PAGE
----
things with massive weed leafs flying around etc. Fantastic stuff. I remember being suitably impressed
when I saw them later in the tour at Manchester by the intensity of the whole thing. Oh, and the songs
great as well, just as it has been on every single live recording for the last ten years.

I definitely feel that "Earth Calling" is an unfair name for the next track. Sure, the last 30 seconds are indeed
the aforementioned, but what about the 4 or so minuetes of "You Shouldn't do That" during which the
crowd (and I must admit, myself) went wild. ABSOLUTLY AMAZING BLANGA!!! This is definitely one
of the highlights of the DVD for me. After this, the band disappear off stage.

They return with Arthur, spookily dressed as the invisible man, to perform "Sonic Space Attack" (which is
of course better known as "Sonic Attack"). Arthur Brown disguises the fact he is reading off the lyric
sheet, by making it look as if he is reading a proclamation. Which in a way he is. This version sits nicely
somewhere between the Space Ritual and Sonic attack versions. It then seques into...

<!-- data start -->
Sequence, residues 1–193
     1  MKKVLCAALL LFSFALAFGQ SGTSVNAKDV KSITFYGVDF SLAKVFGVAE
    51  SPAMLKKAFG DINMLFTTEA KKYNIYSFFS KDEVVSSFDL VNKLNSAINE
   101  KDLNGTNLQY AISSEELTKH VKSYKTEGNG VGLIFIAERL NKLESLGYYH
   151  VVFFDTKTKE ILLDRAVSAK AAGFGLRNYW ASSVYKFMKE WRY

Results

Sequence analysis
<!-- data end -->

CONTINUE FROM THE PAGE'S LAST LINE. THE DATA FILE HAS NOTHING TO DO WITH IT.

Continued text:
"Silver Machine", which is great as always. After 4 minutes of fantastic 'Golden Oldies" ha ha, the band are
done. At least they included the whole show, unlike the "Spaced out in London" CD from later in the tour.

In case you couldn't tell, I loved this DVD, and I recommend you should all buy it!  For me, it's the best
Hawkwind DVD out there.  The bonus interview is excellent too, almost an hour long and very imformative
(when Dave can recall what actually has happened in his life, with some prompting from Kris!)

When Dave says "See you all soon" at the end of the set, he doesn't know how right he is... in 4 hours or
so I will be at Manchester Ritz seeing them once again!!! Excellent stuff!

-Kris Clayton
Track Listing              Timing
1.  Aero Space Age Inferno   07:45
2.  Angels Of Death          06:31
3.  Out Of The Shadows       04:52